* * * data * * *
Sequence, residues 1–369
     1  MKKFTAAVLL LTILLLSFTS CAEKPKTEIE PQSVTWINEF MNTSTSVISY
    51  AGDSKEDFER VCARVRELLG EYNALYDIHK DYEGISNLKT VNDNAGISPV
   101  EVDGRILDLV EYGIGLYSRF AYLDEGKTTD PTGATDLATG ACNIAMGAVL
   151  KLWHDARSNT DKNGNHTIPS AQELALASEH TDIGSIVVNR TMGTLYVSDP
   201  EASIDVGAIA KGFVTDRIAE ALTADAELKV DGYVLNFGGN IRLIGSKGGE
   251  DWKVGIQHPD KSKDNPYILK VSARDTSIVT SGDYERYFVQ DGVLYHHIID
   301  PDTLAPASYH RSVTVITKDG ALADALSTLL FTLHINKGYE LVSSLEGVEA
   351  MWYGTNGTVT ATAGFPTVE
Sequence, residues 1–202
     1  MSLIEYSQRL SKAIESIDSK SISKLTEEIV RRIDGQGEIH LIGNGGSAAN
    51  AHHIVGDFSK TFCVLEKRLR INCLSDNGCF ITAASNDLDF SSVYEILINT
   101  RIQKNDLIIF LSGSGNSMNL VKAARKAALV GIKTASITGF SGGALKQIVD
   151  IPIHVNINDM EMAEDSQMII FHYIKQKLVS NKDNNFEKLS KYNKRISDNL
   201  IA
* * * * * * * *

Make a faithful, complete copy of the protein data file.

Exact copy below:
Sequence, residues 1–369
     1  MKKFTAAVLL LTILLLSFTS CAEKPKTEIE PQSVTWINEF MNTSTSVISY
    51  AGDSKEDFER VCARVRELLG EYNALYDIHK DYEGISNLKT VNDNAGISPV
   101  EVDGRILDLV EYGIGLYSRF AYLDEGKTTD PTGATDLATG ACNIAMGAVL
   151  KLWHDARSNT DKNGNHTIPS AQELALASEH TDIGSIVVNR TMGTLYVSDP
   201  EASIDVGAIA KGFVTDRIAE ALTADAELKV DGYVLNFGGN IRLIGSKGGE
   251  DWKVGIQHPD KSKDNPYILK VSARDTSIVT SGDYERYFVQ DGVLYHHIID
   301  PDTLAPASYH RSVTVITKDG ALADALSTLL FTLHINKGYE LVSSLEGVEA
   351  MWYGTNGTVT ATAGFPTVE
Sequence, residues 1–202
     1  MSLIEYSQRL SKAIESIDSK SISKLTEEIV RRIDGQGEIH LIGNGGSAAN
    51  AHHIVGDFSK TFCVLEKRLR INCLSDNGCF ITAASNDLDF SSVYEILINT
   101  RIQKNDLIIF LSGSGNSMNL VKAARKAALV GIKTASITGF SGGALKQIVD
   151  IPIHVNINDM EMAEDSQMII FHYIKQKLVS NKDNNFEKLS KYNKRISDNL
   201  IA